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NPL Site Narrative for Pease Air Force Base

Newington, Portsmouth, New Hampshire

Federal Register Notice:  February 21, 1990

Conditions at proposal (July 14, 1989): Pease Air Force Base occupies 4,365 acres on a peninsula in Portsmouth and Newington, Rockingham County, New Hampshire. The area around the base is commercial-residential. From the 1950s to the present, the Air Force has maintained aircraft at the base. A 1986 Air Force study identified 18 waste disposal areas on the base, 13 of which received hazardous wastes, including organic solvents, pesticides, paint strippers, and other industrial wastes. The study is part of the Installation Restoration Program (IRP), established in 1978. Under this program, the Department of Defense seeks to identify, investigate, and clean up contamination from hazardous materials.

The 13 disposal areas include 7 landfills, 2 areas where waste oil and solvents were burned for fire fighting exercises, and 4 areas where solvents and other liquid wastes were discharged on the ground. At present, all hazardous wastes generated on the base are disposed of off-site at EPA-regulated facilities.

In 1977, a well supplying drinking water to 8,700 people on the base was found to be contaminated with trichloroethylene (TCE) in tests conducted by an Air Force contractor. In 1984, the Air Force installed an aeration system to remove TCE from all base water supply wells. The system is no longer in use because TCE dropped below detection levels. An estimated 30,000 people obtain drinking water from public and private wells within 3 miles of hazardous substances on the base.

According to a 1988 IRP report, heptachlor and lindane are contaminating surface water along the surface run-off pathway from one of the landfills, and lead and zinc are in sediments of three major drainage ditches on the base. Shellfish are harvested from Great Bay and Little Bay, which are within 3 miles downstream of the base. The bays are also used for recreational activities.

Because the bays and Piscataqua River are connected to the Atlantic Ocean, tides can move any contamination to the ocean. The base abuts Great Bay, which is a tidal estuary. Both coastal and fresh water wetlands are along surface water migration pathways from the disposal areas.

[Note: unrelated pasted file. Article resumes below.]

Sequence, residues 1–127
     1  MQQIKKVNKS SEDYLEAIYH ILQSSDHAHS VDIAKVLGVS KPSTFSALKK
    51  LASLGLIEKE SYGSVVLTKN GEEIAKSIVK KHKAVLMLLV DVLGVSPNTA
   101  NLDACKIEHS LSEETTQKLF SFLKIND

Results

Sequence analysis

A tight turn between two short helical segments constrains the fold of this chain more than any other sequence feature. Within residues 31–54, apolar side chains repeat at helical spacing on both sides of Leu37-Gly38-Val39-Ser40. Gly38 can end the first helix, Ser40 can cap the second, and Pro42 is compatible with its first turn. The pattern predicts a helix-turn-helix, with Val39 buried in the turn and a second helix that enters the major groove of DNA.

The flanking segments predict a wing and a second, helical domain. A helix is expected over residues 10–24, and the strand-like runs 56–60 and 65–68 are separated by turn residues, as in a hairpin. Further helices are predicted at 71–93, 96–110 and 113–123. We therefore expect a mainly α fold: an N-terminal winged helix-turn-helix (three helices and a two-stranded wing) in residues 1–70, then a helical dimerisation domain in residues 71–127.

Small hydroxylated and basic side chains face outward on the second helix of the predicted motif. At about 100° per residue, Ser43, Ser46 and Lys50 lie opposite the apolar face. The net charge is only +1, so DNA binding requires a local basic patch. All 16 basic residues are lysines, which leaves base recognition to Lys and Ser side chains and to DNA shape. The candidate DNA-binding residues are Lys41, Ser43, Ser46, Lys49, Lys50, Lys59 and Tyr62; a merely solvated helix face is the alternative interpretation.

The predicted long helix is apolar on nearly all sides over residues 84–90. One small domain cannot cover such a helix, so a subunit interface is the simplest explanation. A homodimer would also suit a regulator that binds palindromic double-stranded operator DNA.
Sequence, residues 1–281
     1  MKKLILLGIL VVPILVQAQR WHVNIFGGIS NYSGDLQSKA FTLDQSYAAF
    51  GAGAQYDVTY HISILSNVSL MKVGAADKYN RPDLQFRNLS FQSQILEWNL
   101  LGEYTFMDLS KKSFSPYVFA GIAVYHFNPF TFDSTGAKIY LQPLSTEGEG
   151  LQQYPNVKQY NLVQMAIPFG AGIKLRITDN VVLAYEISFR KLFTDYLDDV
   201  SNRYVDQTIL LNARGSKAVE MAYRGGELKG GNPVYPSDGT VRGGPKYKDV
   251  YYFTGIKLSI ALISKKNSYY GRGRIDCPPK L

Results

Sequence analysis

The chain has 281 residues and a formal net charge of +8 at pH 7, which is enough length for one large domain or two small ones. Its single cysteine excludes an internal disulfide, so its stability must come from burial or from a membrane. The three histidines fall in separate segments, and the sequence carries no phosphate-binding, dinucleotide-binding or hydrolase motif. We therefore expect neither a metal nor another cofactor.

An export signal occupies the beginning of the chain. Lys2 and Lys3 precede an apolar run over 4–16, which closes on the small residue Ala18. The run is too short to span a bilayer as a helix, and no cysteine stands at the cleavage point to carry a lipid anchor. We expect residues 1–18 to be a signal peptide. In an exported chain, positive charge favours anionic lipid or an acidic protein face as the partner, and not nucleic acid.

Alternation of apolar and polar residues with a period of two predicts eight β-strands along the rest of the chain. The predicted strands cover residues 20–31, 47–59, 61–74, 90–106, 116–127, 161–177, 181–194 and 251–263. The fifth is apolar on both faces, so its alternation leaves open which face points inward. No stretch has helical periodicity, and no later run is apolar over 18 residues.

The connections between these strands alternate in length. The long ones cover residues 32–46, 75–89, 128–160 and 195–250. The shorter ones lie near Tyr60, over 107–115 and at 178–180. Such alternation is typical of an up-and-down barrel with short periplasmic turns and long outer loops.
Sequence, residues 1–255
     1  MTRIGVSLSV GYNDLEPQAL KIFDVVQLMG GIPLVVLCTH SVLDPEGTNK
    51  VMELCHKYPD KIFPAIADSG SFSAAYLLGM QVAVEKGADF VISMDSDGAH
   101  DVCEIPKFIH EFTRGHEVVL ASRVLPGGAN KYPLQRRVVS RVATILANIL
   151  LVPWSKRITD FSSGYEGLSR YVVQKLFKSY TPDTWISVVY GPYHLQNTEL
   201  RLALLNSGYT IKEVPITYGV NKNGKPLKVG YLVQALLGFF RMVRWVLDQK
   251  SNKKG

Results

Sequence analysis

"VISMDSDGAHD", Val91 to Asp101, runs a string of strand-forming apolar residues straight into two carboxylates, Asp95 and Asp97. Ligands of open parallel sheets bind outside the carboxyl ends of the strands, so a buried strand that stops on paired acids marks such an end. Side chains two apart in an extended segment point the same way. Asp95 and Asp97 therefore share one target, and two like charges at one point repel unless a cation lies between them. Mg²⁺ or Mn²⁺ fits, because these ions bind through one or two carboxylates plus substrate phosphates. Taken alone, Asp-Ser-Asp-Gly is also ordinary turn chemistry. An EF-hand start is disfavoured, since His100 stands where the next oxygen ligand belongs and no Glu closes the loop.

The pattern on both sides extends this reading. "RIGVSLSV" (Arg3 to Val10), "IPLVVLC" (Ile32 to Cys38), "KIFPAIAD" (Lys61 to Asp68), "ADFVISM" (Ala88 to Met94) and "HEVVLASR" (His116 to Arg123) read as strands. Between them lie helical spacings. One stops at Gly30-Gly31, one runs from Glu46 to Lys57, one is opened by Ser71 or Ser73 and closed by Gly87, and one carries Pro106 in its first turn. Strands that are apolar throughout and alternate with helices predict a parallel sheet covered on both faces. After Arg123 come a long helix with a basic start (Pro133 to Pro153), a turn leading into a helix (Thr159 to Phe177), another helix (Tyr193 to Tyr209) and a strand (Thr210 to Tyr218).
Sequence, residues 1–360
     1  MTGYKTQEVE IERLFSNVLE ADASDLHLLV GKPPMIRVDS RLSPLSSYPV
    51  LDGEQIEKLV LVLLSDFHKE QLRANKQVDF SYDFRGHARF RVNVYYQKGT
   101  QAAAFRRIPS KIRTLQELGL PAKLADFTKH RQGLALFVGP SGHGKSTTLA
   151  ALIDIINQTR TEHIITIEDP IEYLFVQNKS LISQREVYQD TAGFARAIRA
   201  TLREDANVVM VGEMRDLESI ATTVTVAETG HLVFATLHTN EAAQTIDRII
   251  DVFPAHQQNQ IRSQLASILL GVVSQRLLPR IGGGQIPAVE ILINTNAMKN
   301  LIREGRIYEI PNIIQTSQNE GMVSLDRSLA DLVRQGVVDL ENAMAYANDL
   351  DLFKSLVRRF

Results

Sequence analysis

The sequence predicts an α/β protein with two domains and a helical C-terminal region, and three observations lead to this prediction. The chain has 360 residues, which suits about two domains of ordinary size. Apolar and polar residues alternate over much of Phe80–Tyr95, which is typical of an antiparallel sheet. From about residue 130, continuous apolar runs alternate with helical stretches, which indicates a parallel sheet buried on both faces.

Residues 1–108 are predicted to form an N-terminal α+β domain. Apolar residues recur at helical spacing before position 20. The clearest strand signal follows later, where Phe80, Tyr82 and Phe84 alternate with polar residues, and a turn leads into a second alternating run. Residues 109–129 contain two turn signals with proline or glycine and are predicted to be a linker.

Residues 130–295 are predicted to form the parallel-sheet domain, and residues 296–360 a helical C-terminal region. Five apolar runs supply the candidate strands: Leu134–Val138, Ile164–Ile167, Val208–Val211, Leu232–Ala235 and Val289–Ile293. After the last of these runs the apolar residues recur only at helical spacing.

Some disposal areas in the base are not fenced, making it possible for people and animals to come into direct contact with hazardous substances.

The base holds a permit as a hazardous waste generator and storage facility under Subtitle C of the Resource Conservation and Recovery Act, as well as a National Pollutant Discharge Elimination System permit to discharge treated waste water into the Piscataqua River.

The Air Force plans to close the base and transfer the property to either the State or local government.

Status (February 21, 1990): EPA is reviewing information on the base in preparation for negotiations with the Air Force for an Interagency Agreement under CERCLA Section 120 covering further studies and remedial activities.

For more information about the hazardous substances identified in this narrative summary, including general information regarding the effects of exposure to these substances on human health, please see the Agency for Toxic Substances and Disease Registry (ATSDR) ToxFAQs. ATSDR ToxFAQs can be found on the Internet at ATSDR - ToxFAQs (http://www.atsdr.cdc.gov/toxfaqs/index.asp) or by telephone at 1-888-42-ATSDR or 1-888-422-8737.

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